I don’t seem to find any exceptional artistic merit to this film outside of its subject matter.  Just about everything from the production value, to the cinematography, to the format of the story and the performance by the cast is standard fare.  That’s not to say that Zero Dark Thirty isn’t less than perfectly adequate, but when it comes to communicating the emotion this film left me with when I walked out of the theatre I can’t say anything other than “I saw it, I got it and now I’d like to see something more interesting thank you.”  It’s the same feeling of being unimpressed that I felt when I left The Hurt Locker.  There are simply better political thrillers out there (Enemy of the State, No Way Out, andAll the President’s Men).  There are more graphic depictions of torture (Hostel, The Last House on the Left, and Ichi the Killer).  There are more disturbing depictions of psychological trauma (Misery, Memento, and the original Manchurian Candidate).  Zero Dark Thirty is not any of these types of films, yet it has been celebrated and skyrocketed to the top of the Oscar contenders for somehow doing all these things well.  I disagree and I do not understand the enhanced credibility afforded to Kathryn Bigelow’s films because I find them to be lesser versions of other films involving similar subject matter.  Perhaps the Academy is catching wind of this seeing how she is not amongst the best directors nominated this year.  I put my money on there being less members of the Academy with an axe to grind with James Cameron.


Who’s directing whom?

The only performance worth getting into is the one belonging to Jessica Chastain.  This actress has been coming out of the woodwork over the past 3 years with noteworthy performances in films such as The Help (2011), The Tree of Life (2011) and Lawless (2012).  I always said there seems to be a lack of serious American film actresses that can compete with the English K/Cates or anyone else from the UK, but Chastain certainly has the potential to take up Meryl Streep’s mantel.  However, her full skill set is not, I repeat NOT on showcase for Zero Dark Thirty.  The character she plays, Maya (who probably doesn’t really exist) is an enigma due to her lack of emotions outside of anger and petulance.  This makes her very difficult to identify with as a protagonist, but when it comes to seeing her as an anti-hero she lacks any semblance of charisma. 


“A” for effort, but a “B” for execution.

The reason she is nominated for best actress in this film is her keen ability to portray solemnity and frustration, two emotions in abundance for any in pursuit of OBL over the years.  The problem with this is that Maya undergoes zero transformation despite the ups and downs and the fluctuation in circumstances does not reflect any deviation in the character’s demeanor.  I sense there is more depth to Maya, but it seems as if that was too classified to show on the big screen.  As a result, Maya gives the distinct impression of being a very intelligent and capable woman, but is really just a spoiled, little brat with exceptional tunnel vision.  Perhaps these are the ideal characteristics to join the spook patrol for the CIA, but does not a compelling fictional character make for a dramatic film.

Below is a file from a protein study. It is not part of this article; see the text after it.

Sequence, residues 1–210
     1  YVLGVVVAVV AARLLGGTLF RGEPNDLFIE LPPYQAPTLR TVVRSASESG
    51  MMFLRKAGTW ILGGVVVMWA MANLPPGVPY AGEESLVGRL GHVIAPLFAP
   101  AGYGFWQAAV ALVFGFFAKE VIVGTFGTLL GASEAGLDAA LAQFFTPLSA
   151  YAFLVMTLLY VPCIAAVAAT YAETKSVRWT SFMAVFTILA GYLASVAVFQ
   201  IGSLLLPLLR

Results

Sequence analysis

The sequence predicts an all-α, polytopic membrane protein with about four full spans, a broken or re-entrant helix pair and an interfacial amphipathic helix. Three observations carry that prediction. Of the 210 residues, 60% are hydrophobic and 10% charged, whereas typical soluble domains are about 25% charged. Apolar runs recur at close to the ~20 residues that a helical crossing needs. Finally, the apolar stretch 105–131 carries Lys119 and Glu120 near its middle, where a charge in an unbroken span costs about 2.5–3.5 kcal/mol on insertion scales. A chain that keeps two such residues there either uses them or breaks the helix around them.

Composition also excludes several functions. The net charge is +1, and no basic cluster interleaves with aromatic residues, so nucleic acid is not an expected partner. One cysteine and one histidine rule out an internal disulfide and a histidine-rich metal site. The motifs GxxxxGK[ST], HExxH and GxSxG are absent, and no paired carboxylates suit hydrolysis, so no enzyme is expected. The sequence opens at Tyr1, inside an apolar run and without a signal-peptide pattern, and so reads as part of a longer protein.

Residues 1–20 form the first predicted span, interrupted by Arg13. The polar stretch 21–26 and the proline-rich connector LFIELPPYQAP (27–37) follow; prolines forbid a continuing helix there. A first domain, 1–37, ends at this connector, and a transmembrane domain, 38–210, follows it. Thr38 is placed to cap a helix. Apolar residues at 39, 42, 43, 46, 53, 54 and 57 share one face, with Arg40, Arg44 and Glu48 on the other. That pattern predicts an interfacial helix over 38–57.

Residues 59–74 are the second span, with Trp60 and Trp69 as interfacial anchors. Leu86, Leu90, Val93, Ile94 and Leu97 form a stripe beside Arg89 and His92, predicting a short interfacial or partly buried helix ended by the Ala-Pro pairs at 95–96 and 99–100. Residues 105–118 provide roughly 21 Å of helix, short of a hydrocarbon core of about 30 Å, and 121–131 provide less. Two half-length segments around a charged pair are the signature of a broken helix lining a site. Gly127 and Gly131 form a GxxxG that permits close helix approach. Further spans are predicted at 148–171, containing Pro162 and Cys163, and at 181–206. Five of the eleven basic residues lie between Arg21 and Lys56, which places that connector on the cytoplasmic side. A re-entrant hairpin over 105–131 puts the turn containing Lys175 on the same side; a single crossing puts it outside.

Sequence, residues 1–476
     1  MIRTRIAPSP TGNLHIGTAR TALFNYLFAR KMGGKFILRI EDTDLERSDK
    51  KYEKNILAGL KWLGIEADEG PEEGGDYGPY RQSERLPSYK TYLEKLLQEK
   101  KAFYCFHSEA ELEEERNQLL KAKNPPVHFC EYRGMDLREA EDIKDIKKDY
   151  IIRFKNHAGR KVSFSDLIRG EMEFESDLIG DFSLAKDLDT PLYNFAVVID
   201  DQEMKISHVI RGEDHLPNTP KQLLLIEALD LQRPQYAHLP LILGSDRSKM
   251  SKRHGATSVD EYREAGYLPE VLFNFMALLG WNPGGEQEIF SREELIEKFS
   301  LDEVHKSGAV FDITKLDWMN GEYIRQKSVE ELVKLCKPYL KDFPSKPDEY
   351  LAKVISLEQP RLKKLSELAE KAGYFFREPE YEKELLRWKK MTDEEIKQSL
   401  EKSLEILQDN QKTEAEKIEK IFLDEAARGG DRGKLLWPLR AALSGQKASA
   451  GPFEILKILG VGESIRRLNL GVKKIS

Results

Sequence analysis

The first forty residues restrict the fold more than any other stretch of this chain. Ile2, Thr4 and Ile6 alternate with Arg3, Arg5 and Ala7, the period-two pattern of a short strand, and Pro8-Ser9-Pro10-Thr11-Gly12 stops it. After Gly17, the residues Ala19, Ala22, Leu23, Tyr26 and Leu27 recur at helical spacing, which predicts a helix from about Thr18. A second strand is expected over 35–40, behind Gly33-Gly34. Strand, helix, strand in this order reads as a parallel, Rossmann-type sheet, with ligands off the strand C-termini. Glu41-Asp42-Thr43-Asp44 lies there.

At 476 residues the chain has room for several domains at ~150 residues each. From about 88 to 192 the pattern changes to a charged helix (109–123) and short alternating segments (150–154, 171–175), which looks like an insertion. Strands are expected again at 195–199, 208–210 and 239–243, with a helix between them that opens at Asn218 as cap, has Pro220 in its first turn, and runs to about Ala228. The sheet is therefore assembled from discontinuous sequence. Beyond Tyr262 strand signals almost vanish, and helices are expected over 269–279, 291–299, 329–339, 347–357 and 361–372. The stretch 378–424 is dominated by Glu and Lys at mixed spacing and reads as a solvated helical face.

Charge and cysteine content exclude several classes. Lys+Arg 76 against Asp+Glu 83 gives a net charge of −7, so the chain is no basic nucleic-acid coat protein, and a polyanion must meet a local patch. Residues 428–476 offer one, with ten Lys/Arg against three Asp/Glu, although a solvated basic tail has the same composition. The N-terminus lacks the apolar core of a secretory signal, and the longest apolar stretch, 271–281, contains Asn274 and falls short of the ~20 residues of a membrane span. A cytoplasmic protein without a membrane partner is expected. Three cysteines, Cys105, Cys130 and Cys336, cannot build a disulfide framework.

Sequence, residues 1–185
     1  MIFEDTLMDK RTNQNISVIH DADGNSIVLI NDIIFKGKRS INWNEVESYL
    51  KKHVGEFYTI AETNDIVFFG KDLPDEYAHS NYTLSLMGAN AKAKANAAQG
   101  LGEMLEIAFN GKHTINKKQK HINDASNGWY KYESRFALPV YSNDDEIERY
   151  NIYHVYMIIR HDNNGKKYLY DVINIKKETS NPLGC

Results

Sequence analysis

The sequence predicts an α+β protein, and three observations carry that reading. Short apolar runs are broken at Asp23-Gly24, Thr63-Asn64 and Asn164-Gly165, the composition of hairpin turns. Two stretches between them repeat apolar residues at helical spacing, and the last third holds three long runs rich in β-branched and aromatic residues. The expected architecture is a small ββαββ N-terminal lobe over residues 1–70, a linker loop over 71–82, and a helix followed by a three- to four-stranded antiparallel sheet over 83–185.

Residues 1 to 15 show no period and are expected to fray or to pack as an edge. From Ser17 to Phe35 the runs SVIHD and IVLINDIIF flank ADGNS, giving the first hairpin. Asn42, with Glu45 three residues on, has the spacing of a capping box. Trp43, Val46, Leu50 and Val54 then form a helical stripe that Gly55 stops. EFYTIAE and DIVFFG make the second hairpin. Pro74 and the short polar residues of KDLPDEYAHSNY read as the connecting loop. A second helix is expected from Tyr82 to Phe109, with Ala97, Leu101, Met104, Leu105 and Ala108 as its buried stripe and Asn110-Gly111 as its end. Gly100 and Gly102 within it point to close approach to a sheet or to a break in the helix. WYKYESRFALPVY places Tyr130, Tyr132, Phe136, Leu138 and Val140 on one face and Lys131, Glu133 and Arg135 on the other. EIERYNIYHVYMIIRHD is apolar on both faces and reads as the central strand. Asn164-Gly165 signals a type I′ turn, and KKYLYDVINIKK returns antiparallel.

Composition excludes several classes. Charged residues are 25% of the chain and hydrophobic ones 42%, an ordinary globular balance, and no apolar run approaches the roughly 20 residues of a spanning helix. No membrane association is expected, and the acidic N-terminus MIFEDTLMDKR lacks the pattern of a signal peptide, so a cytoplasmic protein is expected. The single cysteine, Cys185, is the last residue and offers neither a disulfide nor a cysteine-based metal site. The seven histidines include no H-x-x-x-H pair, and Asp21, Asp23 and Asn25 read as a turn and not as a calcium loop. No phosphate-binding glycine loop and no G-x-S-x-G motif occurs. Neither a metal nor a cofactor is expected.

Maya doesn’t mingle with the jarheads much.

Zero Dark Thirty is easily the most underwhelming Oscar nominated film this year which is a jagged little pill to swallow considering the mystery and intrigue surrounding the hunt for OBL.  We, the people will never get the full story or anything close to resembling the actual truth regarding this situation, but it is an interesting fiction the powers that be have allowed the mob to indulge in that it’s not particularly interesting in the first place.  There are several instances where I sense any of the Jack Ryan films attempting to be channeled, but these moments ultimately come up way short when it comes to entertainment value.  What’s interesting to note is how its box office performance reflects the decent, but not great quality of this film.  Budgeted at $40 million with earnings just over $89 million is far from failure, but equally far from phenomenal.  I would have thought more Americans would have been more interested in a story about how public enemy #1 was finally dispatched.